Let’s begin with a dose of common sense. There is a fundamental difference between mass movements dedicated to peaceful cultural and political persuasion and mass movements dedicated to violence. America is blessed by the former while the rest of the world is often plagued by the latter. Yet even the most peaceful movements can sometimes attract an evil fringe, a tiny handful of adherents who cross the bright line between speech and violence.
Take, for example, environmentalism. America has long been awash in apocalyptic climate-change rhetoric. Leading Democrats describe carbon emissions as a “national-security threat,” and blame them for everything from the rise of ISIS to last night’s rainstorm. A tiny, hardcore subset of environmental activists is so moved to violence that they’ve been repeatedlylabeled America’s top domestic-terror threat by the FBI. Most domestic terrorism is committed by individuals, not groups, but eco-terrorist organizations have been responsible for more domestic-terror attacks than anyone else, and it’s not even close:
Eco-terrorism is on the decline, but even when it was at its height, no one blamed Al Gore for ELF attacks or told environmentalists to shut up lest they further inflame their tiny fringe. The way to combat environmentalist excess is to debate it on the merits and defeat it in the ballot box.
The pro-life movement consists of millions of Americans who fiercely oppose abortion through peaceful speech and protest, and a tiny, evil minority of those who resort to violence. Though the abortion debate is a matter of life and death for hundreds of thousands of innocent children a year, since 9/11 exactly one abortion provider has been murdered, and two clinics have been bombed. That’s hardly a crime wave, and it’s hardly grounds for liberal commentators such as Patheos’s Dan Arel to declare “Christian terrorism is a bigger threat to U.S. freedom than Islamic terrorism.”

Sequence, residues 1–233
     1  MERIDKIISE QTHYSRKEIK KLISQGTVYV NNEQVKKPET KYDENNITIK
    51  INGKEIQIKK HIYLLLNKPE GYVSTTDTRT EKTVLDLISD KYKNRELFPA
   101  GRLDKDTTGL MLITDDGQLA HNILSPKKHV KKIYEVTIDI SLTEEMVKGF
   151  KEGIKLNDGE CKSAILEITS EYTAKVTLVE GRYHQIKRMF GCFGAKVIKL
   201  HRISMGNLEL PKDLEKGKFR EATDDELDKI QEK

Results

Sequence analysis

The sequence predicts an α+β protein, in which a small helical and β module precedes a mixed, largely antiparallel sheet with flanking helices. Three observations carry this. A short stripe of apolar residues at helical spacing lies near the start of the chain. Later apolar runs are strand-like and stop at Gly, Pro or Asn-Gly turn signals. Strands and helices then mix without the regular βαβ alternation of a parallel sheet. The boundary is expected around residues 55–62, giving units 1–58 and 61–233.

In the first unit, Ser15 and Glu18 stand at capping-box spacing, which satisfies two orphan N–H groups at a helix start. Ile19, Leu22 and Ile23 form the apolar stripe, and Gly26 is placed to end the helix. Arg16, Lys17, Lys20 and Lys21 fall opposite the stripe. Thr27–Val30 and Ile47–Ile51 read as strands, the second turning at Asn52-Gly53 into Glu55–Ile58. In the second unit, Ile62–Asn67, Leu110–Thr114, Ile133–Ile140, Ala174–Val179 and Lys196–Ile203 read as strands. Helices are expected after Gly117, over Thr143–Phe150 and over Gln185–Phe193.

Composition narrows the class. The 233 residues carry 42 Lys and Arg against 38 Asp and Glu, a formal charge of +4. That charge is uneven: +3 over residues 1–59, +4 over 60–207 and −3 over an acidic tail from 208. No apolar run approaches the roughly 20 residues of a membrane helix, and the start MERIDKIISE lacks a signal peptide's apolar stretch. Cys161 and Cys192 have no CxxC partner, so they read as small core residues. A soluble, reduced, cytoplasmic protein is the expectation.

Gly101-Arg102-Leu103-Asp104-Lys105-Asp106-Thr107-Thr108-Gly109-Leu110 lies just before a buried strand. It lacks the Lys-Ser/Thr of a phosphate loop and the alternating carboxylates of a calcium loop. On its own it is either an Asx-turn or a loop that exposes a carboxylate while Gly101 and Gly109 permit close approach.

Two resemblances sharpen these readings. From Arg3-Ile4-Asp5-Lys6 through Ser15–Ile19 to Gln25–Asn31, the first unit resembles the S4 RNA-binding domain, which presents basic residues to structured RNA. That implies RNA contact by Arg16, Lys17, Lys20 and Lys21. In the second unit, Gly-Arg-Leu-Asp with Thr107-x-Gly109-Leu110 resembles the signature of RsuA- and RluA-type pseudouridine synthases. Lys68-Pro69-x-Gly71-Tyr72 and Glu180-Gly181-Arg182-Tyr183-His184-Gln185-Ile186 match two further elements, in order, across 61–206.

Thanks to good police work and changes in the political climate since the upheavals of the Vietnam era, America has enjoyed a dramatic and decades-old decline in domestic-terrorist incidents. True domestic terrorism is shocking precisely because it is so rare. American political discourse may be angry, and its practitioners may be fond of the most ominous rhetoric, but American politics themselves remain remarkably peaceful.
Don’t tell the alarmists that, though. Even before this weekend’s shooting at a Colorado Springs Planned Parenthood clinic, left-wing sites trumpeted the threat of “Christian terrorists”while minimizing the threat of jihadists. This summer, the New York Times hyped a transparently idiotic study claiming that (mainly right-wing) homegrown extremists were deadlier than jihadists — by excluding from the death toll the almost 3,000 Americans who died on 9/11 and the nearly 7,000 Americans killed — not to mention the more than 52,000 Americans wounded — at the hands of radical Islamists overseas.
Since the Planned Parenthood shooting, leftists have indicted the pro-life movement itself for the actions of a bitter and angry loner with no known connections to any activist organization. The Huffington Post wrote a story noting that Colorado Springs is full of — gasp! — Christians. Buzzfeed published a comprehensive report demonstrating exactly how abortion-rights activists intend to turn the Colorado shooting into a “rallying cry.”
We’ve seen this movie before. Following the dreadful Oklahoma City bombing, many on the left tried to pin Timothy McVeigh on Rush Limbaugh, and despite the fact that McVeigh called himself an agnostic, some leftists still refer to him a “Christian terrorist.” Gabby Giffords’s shooting was somehow blamed on Sarah Palin, and this year’s Charleston church massacre was allegedly an indictment of all white southerners, even those who’ve condemned racism their entire lives.